According to the European Environment Agency (EEA), the consumption of meat and dairy products contributed close to 25% of the environmental impacts from the total consumption of all goods and services in the EU-27.

For example, producing 1kg of beef requires 617 liters of water, a measurement known as the blue water footprint.

As far as greenhouse gas emissions are concerned, the production of livestock and fodder globally generates more than 3 billion tonnes each of carbon dioxide equivalent.

In 2014, according to Eurostat data, Germany, Spain, France and the United Kingdom had the highest number of livestock. The largest number of pigs was recorded in Germany and Spain (28.3 and 26.6 million heads respectively), cows in France (19.3 million heads) and sheep (23.0 million heads) in the United Kingdom.

Governments called to action

Governments have so far been reluctant to act for fear of a consumer and public opinion backlash.

But the Chatham House report says that risk may have been overestimated. It recommends building the case for government intervention with awareness-raising campaigns at national level linking environmental goals with other policy objectives such as managing healthcare costs.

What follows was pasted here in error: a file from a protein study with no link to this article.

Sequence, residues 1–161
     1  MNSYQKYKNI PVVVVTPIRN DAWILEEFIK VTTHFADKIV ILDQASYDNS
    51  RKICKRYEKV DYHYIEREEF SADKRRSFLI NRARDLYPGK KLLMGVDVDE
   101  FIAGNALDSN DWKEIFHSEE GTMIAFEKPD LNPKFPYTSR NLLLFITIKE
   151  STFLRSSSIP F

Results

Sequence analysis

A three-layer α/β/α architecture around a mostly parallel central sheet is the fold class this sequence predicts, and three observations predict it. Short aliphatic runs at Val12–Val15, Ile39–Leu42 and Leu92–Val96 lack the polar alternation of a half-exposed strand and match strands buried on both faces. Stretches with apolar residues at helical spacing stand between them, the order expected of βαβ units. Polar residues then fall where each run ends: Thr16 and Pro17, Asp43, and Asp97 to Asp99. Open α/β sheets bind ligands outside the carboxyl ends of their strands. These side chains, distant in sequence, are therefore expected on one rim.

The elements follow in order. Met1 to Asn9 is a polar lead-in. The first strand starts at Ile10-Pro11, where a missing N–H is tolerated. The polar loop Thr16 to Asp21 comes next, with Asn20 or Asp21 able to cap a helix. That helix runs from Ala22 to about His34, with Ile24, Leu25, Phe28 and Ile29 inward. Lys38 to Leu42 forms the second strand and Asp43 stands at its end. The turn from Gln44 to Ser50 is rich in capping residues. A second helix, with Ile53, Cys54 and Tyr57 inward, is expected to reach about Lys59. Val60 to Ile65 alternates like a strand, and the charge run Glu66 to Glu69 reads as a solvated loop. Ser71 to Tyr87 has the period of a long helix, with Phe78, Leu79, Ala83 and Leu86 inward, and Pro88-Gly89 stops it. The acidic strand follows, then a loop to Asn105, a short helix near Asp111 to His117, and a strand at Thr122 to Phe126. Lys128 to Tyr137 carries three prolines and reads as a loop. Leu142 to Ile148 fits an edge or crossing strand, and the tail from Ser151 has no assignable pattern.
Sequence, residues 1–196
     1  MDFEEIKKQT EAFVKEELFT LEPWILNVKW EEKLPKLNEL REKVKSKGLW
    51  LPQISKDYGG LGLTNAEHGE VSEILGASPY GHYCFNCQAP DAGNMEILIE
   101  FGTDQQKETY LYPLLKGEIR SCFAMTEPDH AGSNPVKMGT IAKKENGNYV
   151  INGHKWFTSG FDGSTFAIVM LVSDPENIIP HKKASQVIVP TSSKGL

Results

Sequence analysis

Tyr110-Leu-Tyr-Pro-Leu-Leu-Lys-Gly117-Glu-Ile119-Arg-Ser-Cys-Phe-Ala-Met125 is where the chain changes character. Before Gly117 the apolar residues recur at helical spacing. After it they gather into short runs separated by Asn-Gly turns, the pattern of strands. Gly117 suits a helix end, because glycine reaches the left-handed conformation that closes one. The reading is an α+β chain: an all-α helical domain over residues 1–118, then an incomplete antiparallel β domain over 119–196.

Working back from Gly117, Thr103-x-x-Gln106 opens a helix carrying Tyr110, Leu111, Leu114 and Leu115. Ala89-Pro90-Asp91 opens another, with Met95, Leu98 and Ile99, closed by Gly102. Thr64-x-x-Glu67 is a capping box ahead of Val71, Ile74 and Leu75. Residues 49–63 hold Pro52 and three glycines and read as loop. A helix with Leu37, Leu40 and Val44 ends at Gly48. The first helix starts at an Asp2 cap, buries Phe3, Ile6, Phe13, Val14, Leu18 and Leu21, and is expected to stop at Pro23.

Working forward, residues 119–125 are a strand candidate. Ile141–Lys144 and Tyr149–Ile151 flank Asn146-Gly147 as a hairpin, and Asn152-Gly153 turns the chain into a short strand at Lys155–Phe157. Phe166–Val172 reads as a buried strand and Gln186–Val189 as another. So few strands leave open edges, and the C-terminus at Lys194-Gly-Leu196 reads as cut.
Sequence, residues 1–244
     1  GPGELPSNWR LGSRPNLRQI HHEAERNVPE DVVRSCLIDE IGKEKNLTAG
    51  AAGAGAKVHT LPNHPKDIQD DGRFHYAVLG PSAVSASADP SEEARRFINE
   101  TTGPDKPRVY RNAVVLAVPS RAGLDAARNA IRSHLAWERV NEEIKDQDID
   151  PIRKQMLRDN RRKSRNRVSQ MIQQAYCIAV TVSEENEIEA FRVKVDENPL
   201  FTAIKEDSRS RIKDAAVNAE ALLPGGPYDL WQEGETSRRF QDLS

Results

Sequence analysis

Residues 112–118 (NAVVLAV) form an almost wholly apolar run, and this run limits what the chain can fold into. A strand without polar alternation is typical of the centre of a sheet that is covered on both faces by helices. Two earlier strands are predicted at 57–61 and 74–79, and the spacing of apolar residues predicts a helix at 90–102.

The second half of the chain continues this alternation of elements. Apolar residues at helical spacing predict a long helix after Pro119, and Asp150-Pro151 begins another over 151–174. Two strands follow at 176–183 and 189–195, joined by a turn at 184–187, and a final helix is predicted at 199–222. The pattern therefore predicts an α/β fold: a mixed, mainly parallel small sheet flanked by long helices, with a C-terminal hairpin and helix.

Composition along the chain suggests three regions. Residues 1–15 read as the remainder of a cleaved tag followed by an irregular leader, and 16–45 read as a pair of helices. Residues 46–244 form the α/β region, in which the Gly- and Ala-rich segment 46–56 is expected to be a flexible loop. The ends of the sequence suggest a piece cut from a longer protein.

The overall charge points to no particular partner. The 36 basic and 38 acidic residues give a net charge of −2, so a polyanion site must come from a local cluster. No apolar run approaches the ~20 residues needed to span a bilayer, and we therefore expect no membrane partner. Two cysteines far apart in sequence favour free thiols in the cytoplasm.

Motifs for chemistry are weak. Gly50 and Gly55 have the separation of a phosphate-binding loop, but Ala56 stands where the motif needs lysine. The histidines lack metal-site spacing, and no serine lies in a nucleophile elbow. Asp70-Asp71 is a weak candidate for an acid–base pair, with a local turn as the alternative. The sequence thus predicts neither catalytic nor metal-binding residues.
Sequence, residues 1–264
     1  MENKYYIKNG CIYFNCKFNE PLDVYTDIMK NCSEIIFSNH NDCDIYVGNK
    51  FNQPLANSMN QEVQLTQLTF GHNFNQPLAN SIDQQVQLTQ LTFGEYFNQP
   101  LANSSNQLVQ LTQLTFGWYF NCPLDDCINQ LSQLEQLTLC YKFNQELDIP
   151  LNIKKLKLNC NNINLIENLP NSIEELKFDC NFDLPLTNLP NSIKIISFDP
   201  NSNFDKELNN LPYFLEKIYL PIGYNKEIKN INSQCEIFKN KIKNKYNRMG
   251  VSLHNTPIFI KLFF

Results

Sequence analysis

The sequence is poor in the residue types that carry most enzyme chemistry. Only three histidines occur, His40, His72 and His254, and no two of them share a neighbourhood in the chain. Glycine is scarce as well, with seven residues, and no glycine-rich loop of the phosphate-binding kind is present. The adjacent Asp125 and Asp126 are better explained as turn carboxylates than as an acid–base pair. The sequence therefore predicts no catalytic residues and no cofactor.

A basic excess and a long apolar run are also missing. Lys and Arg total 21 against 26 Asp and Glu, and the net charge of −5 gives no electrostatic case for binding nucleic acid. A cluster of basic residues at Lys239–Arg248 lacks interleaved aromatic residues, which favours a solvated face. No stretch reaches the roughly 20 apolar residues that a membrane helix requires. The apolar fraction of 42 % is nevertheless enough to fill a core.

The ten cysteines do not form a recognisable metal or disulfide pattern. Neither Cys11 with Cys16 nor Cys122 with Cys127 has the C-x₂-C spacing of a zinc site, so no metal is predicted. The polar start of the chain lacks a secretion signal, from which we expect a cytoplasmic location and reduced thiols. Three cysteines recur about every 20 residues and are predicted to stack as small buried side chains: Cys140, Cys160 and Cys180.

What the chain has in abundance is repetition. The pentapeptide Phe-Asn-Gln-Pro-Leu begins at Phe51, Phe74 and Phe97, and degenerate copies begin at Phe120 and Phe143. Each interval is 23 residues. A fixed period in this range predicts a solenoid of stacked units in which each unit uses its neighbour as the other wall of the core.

"Messages should focus on the co-benefits of reduced consumption," the report stresses. Engaging with "mainstream media" and "non-partisan experts such as scientists" is seen as key in this respect.

On the policy level, the report says shifting diets will require "comprehensive strategies" combining the promotion of non-meat alternatives at supermakets with other initiatives to prop up the price of meat.

These include the "removal of direct or indirect subsidies to the livestock sector", subsidising plant-based alternatives, or "interventions to increase the price of meat and other unsustainable products, such as a carbon tax."

"Government capacity to influence diets is expanding and publics are becoming increasingly accepting of the role of government in this area," the report concludes.